New project targets pimelea poisoning

17 July 2017

A new QAAFI research project aimed at producing a preventative probiotic for cattle to mitigate poisoning from the potentially fatal pasture plant, pimelea, received funding from Meat & Livestock Australia (MLA) in 2017.

Improving beef production through management of plant toxins is led by QAAFI’s Associate Professor Mary Fletcher.

Associate Professor Mary Fletcher

MLA identified the impact of poisonous pasture plants on the health and productivity of grassfed cattle as a priority area, through the organisation’s regional consultation process with producers.

Pimelea are small native herbs that are mainly found in inland areas of Australia, below the Tropic of Capricorn, with livestock poisoning primarily associated with native rice-flower (Pimelea simplex), and flaxweed (Pimelea trichostachya).

Pimelea poisoning affects cattle, sheep and infrequently horses, however it is potentially fatal for cattle. It can be caused by ongoing, accidental consumption of toxic plants or inhalation of dry plant dust and is most common in south-west Queensland, north-west New South Wales and northern South Australia.

It is also known as St George disease, Marree disease, and flaxweed poisoning.

MLA General Manager – Producer Consultation and Adoption, Michael Crowley, said the new project aimed to produce a rumen inoculum containing microbes able to detoxify plant toxins, but initial work will concentrate on the pimelea toxin, simplexin.

“The project will also investigate absorbent or slow-release systems for the rumen that would have broad use across a range of plant toxins,” Mr Crowley said.

“The approach of this project is to devise strategies to enable toxin breakdown in the rumen before absorption into the bloodstream and impact on animal productivity.

“Currently, there is no effective vaccine or antidote for pimelea poisoning and management strategies to reduce contact between toxic plants and susceptible stock are the only options open to beef producers to avoid potentially devastating poisoning events.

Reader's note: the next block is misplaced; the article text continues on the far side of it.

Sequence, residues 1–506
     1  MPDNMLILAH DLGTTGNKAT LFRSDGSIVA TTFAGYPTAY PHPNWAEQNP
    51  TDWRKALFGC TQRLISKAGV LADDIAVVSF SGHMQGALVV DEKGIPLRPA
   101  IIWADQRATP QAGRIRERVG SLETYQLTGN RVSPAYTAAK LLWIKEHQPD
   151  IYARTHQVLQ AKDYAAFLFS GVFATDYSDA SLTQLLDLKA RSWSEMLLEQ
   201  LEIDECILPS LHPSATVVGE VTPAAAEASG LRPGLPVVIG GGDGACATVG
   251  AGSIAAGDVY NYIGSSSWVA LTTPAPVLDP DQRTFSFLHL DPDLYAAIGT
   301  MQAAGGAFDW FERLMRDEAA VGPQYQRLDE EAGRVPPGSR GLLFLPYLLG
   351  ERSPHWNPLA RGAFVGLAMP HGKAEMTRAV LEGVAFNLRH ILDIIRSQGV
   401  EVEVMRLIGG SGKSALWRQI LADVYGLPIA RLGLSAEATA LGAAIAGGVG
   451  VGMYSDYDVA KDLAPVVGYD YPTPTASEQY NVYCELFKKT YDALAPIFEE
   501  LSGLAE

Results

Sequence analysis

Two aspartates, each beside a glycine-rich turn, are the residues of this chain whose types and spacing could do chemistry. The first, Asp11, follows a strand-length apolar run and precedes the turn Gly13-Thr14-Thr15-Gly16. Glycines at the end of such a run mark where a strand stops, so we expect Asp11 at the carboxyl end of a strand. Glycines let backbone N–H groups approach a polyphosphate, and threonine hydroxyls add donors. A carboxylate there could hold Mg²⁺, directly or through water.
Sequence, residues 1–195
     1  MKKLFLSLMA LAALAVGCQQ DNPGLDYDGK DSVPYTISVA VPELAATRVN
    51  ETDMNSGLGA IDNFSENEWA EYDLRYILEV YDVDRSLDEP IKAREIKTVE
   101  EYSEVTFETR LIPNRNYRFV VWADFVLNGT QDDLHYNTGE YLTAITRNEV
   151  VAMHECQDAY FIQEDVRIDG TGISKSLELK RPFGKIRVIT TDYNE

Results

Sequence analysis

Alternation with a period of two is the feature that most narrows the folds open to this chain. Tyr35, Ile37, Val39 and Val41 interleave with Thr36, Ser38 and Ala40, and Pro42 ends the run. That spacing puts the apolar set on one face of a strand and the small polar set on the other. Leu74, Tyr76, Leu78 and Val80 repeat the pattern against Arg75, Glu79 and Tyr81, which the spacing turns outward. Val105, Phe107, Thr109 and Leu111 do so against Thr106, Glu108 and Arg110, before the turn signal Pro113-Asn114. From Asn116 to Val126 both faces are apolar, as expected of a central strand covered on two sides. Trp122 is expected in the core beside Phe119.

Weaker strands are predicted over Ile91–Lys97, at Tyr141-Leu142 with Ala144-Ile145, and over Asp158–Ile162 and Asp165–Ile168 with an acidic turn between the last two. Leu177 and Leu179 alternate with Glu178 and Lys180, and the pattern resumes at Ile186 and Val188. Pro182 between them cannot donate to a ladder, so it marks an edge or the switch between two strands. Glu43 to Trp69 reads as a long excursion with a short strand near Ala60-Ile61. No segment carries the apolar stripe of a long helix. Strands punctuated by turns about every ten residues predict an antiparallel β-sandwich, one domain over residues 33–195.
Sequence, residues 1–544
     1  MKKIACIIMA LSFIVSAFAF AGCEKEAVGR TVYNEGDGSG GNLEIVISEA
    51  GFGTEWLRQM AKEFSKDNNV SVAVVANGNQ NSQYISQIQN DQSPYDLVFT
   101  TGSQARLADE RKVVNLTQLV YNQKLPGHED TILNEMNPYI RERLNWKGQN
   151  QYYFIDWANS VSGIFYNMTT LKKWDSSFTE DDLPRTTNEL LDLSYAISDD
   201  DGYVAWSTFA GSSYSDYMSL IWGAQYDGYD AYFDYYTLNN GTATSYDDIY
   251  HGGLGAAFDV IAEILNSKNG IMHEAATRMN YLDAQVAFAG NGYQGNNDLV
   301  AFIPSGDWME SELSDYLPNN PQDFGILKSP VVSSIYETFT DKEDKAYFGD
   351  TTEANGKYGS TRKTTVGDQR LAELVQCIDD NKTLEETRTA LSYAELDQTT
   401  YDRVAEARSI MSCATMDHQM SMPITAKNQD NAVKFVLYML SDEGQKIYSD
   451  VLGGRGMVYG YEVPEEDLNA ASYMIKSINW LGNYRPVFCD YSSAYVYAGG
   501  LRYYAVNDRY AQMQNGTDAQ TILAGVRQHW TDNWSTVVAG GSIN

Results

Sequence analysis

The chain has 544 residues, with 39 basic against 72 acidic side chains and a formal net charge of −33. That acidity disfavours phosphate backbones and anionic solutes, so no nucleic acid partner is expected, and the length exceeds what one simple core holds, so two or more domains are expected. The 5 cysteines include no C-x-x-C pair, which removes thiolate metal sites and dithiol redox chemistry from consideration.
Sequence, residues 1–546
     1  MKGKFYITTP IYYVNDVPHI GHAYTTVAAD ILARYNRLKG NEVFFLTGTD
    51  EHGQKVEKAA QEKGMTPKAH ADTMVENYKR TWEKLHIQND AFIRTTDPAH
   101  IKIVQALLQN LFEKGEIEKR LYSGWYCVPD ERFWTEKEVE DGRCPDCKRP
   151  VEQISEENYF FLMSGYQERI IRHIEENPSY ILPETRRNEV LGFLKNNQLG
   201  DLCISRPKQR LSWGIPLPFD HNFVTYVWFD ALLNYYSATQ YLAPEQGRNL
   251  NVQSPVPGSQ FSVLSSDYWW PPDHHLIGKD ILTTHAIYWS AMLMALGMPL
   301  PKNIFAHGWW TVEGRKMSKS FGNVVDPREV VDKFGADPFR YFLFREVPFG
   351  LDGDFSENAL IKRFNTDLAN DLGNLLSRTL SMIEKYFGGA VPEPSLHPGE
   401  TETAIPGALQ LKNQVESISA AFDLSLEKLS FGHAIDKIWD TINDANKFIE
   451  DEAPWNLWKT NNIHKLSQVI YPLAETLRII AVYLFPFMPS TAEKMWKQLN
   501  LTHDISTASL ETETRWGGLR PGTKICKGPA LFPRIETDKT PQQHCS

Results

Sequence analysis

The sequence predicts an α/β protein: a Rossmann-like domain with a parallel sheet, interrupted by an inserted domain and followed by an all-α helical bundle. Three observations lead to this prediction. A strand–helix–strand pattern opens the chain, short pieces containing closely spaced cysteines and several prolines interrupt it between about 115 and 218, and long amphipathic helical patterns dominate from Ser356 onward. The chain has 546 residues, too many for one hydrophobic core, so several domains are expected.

“Production and reproductive inefficiencies are a major cause of economic loss in the northern Australian beef cattle industry. A better understanding of the impact of poisonous pasture plants like pimelea will enable the development of management strategies to address a currently under recognised factor contributing to these losses.”


Battling the pimelea scurge

Enterprise snapshot

John and Queenie Kilpatrick, Kylie Savidge and TJ Moroney
Location: ‘Southampton’, 110 kilometres north-west of St George
Area: 11,000 hectares
Livestock: Up to 700 breeders, Santa Gertrudis and Hereford-based crossed with Santa Gertrudis, Hereford, Droughtmaster and Angus sires
Rainfall: 425mm
Soil: Open red box country interspersed with sand ridges and rough mulga country
Pasture: Buffalo and native grasses, mulga
TJ Moroney and Kylie Savidge on their property. Photo courtesy: Lucy Kinbacher.

South-western Queensland producer Kylie Savidge knows all too well the devastating impact pimelea can have, with her family’s grazing enterprise still recovering from an outbreak of the toxic native plant at the start of 2017.

She believes new research to develop an inoculum to pimelea will finally give beef producers a tool to reduce or prevent poisoning and alleviate the emotional and financial stress associated with stock fatalities and decreased production.